The Sound Board


Inside Hook's The Future of Leadership

LSTN Co-Founder Bridget was featured in Inside Hook's Future of Leadership article - check it out here!

Bridget Hilton started LSTN Sound Co. in 2012 to create a more inspiring audio brand. After seeing someone hear for the first time, she decided to focus her efforts on creating change through the power of sound and music. Through proceeds of sales from their premium headphones and speakers, LSTN has helped more than 30,000 people in 10 countries hear for the first time through its charity partner, the Starkey Hearing Foundation. She has received accolades such as Forbes and Inc Magazine’s 30 Under 30, Origin Magazine’s Top 100 Creatives and a NAWBO Rising Star.

“In what is the toughest year of life thus far for many of us, being a leader in this time means listening to your customers and staff with empathy and compassion — and taking the feedback to make the company better. Traditionally, leadership was all about power, and basically telling others what to do. Through the trials and tribulations of 2020, I believe servant leadership is the right direction at the moment.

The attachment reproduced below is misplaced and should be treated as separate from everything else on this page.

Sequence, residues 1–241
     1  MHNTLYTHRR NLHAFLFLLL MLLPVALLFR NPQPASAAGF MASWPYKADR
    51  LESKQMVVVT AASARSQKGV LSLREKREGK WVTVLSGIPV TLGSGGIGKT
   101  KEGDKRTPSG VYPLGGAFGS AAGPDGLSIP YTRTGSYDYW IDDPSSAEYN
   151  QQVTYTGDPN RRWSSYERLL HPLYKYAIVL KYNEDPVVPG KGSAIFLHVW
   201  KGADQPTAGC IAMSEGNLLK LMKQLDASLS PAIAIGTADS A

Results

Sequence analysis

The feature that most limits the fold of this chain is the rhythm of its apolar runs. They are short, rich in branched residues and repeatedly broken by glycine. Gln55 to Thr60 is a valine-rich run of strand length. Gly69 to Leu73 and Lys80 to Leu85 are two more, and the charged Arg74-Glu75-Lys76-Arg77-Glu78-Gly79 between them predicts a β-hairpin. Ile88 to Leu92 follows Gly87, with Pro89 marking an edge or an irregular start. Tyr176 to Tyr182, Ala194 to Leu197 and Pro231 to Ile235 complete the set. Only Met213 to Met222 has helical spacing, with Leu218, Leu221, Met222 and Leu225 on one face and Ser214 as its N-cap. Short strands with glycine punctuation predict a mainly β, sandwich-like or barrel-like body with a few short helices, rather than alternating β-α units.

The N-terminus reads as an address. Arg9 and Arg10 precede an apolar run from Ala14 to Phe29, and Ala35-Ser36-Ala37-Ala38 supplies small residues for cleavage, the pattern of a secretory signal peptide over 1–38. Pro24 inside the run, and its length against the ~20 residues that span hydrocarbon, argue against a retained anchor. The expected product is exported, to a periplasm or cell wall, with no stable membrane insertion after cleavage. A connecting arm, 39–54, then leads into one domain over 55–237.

I think the leader(s) of a company are increasingly a physical and emotional representation of their company — as in, if a CEO has certain values that do not align with the consumer, they will vote with their wallet and choose a competitor instead. I have noticed a massive shift in the people in my life researching leadership at companies before they purchase an item from them. So it is increasingly important that the values and personality of the leadership aligns with what the customers values are.

I’d like to see leaders empowering their staff to make important decisions and help guide the direction of the future of the business. Being inclusive to hiring all walks of life and maintaining a diverse staff needs to be a priority. As young people rise to leadership positions, I think it’s increasingly just as important that they have the business skillset as well as soft skills, which often isn’t a significant part of training or concern.”

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